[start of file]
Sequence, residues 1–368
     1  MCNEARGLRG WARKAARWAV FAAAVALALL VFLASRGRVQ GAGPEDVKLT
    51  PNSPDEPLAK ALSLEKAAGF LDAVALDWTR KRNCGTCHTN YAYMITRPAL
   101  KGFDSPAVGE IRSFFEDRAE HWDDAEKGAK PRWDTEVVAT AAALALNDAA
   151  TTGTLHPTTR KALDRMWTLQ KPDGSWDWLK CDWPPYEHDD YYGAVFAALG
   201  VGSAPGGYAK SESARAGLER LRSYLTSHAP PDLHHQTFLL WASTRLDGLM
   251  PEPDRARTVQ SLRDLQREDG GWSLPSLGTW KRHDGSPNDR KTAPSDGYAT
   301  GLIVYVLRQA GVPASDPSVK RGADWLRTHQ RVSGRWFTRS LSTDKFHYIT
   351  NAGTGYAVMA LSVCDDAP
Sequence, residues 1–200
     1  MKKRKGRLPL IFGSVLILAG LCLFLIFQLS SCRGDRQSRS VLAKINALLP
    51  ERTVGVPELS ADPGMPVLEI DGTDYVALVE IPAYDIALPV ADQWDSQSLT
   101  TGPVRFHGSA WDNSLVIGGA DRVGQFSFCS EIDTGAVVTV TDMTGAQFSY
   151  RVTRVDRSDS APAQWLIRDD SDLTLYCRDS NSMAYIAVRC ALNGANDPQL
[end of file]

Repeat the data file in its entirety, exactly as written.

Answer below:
Sequence, residues 1–368
     1  MCNEARGLRG WARKAARWAV FAAAVALALL VFLASRGRVQ GAGPEDVKLT
    51  PNSPDEPLAK ALSLEKAAGF LDAVALDWTR KRNCGTCHTN YAYMITRPAL
   101  KGFDSPAVGE IRSFFEDRAE HWDDAEKGAK PRWDTEVVAT AAALALNDAA
   151  TTGTLHPTTR KALDRMWTLQ KPDGSWDWLK CDWPPYEHDD YYGAVFAALG
   201  VGSAPGGYAK SESARAGLER LRSYLTSHAP PDLHHQTFLL WASTRLDGLM
   251  PEPDRARTVQ SLRDLQREDG GWSLPSLGTW KRHDGSPNDR KTAPSDGYAT
   301  GLIVYVLRQA GVPASDPSVK RGADWLRTHQ RVSGRWFTRS LSTDKFHYIT
   351  NAGTGYAVMA LSVCDDAP
Sequence, residues 1–200
     1  MKKRKGRLPL IFGSVLILAG LCLFLIFQLS SCRGDRQSRS VLAKINALLP
    51  ERTVGVPELS ADPGMPVLEI DGTDYVALVE IPAYDIALPV ADQWDSQSLT
   101  TGPVRFHGSA WDNSLVIGGA DRVGQFSFCS EIDTGAVVTV TDMTGAQFSY
   151  RVTRVDRSDS APAQWLIRDD SDLTLYCRDS NSMAYIAVRC ALNGANDPQL